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I have a little confusion about declaring integers and specifically as it relates to the pset1 mario assignment.

I declared my n int for the do while loop I used for user input. For some reason, I also had to declare, at the beginning, my i int used within the nested loops. But, I didn't have to declare for the other int used within the for loops. This would include my j & k.

I didnt want to paste code in here as to give away the programming assignment solution but I used i for the outside counting loop. j and k were the nested loops used to print blank spaces to the left and the # to the right.

Can someone give me a clear understanding of why this is? My program works so it is almost even more confusing.

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You probably did declare them but aren't recognizing it. Did you do something like:

int i, j, k;

which declares 3 integers called i j and k?

You always have to declare your variables, so you must have done so somewhere. :)

One thing that may catch you out is "scope" where a variable will no longer exist outside of the scope in which it was declared.

For example:

do
{
    int a = GetInt();

}
while (a < 5);

will not compile, because the integer called a only exists within those curly braces of the do statement.

Instead:

int a;
do
{
    a = GetInt();
}
while (a < 5);

will be fine.

By the same token, using another example:

for (int i = 0, j = 5; i < j; i++)
{    
    printf("i is now %d and j is %d\n", i,j);
}
printf("j:%d now equals i:%d\n", j,i);

will not work, because i and j only exist within the curly braces of that for loop.

Instead, your compiler will complain like this:

file.c:10:43: error: use of undeclared identifier 'j'
printf("j:%d now equals i:%d\n", j,i);
                                      ^
1 error generated.

but if you want to access i and j outside that loop, you can do this:

int i,j;
for (i = 0, j = 5; i < j; i++)
{    
    printf("i is now %d and j is %d\n", i,j);
}
printf("j:%d now equals i:%d\n", j,i);

and your output should be:

i is now 0 and j is 5
i is now 1 and j is 5
i is now 2 and j is 5
i is now 3 and j is 5
i is now 4 and j is 5
j:5 now equals i:5

(more info)

Okay, unused variable... let's go back to my first example, but with one change:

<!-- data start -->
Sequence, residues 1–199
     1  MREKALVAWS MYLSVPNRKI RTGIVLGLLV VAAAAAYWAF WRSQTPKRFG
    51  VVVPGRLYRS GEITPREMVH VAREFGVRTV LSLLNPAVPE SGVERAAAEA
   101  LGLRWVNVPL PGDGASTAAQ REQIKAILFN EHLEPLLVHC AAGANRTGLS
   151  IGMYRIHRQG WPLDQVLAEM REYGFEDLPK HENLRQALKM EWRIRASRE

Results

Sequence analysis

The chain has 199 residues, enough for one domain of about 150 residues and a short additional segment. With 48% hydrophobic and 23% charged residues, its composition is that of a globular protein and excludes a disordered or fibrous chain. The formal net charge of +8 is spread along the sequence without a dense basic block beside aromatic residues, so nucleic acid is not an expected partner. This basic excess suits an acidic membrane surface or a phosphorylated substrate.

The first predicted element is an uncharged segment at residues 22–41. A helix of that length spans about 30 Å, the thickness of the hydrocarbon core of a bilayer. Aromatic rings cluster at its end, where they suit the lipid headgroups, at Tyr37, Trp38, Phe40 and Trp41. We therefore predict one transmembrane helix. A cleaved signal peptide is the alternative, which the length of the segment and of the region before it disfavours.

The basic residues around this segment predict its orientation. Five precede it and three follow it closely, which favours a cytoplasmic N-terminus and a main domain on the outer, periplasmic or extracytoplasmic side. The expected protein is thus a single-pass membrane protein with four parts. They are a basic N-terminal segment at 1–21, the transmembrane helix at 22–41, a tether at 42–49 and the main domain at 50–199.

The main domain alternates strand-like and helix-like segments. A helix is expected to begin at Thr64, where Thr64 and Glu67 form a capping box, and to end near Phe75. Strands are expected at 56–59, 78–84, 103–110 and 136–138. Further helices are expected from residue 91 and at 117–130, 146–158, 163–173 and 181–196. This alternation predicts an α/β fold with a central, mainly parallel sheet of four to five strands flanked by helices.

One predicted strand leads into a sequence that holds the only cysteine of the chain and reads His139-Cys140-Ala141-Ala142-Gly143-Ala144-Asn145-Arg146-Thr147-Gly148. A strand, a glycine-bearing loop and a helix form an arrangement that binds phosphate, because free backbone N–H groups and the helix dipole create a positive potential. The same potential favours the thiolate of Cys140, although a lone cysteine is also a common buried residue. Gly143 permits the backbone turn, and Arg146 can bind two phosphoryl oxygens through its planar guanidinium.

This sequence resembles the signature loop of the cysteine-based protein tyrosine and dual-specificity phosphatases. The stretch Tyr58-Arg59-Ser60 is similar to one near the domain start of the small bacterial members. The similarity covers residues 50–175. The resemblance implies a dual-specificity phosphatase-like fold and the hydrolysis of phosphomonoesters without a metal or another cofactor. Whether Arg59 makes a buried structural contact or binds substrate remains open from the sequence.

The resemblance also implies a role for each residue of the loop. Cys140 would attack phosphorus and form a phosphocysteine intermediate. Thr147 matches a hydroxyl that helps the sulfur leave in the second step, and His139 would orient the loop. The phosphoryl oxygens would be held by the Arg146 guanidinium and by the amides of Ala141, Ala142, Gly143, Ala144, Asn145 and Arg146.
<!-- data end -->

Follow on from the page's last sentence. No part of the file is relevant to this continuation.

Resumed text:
int a = 0;  // add this
do
{
    int a = GetInt();

}
while (a < 5);

Now, when it compiles, you won't see an undeclared variable a in that while line. Instead, you'll see:

file.c:9:9: error: unused variable 'a' [-Werror,-Wunused-variable]
    int a = GetInt();
        ^
1 error generated.

And why is that? You have declared two integers, both called a. One is in the scope of main() (that first one) and one is only in the scope of the do statement. But you never actually use that a in the do statement, because the a in the while statement is the one you first declared.

Check out the short on "Scope" that is found in Week 2 of the course. https://www.youtube.com/watch?v=UC5QAokAupo

| improve this answer | |
  • You are correct- I did declare them within the nested loop. BUT, when I remove the beginning i int (outside nested loop and before the do while), it errors on me. So, I put the int i back at the beginning with my n int. I cant figure out why I ended up declaring the i int twice! – Brian T Jan 9 '15 at 3:25
  • see my edited reply. – curiouskiwi Jan 9 '15 at 3:36
  • great info- thanks! I think I am getting closer to understanding but I when I try to declare j (and my k) outside the nested loop, I get this error:unused variable 'j' Here is my code structure and see if something is wrong: int n,i; do while for (i=1....) { for (int j=1....) { } for (int k=1...) { } – Brian T Jan 9 '15 at 3:58
  • see my edit. :) – curiouskiwi Jan 9 '15 at 4:05
  • oh, just saw your edit. are you actually doing anything with j in your loop? incrementing it? printing it? – curiouskiwi Jan 9 '15 at 4:07

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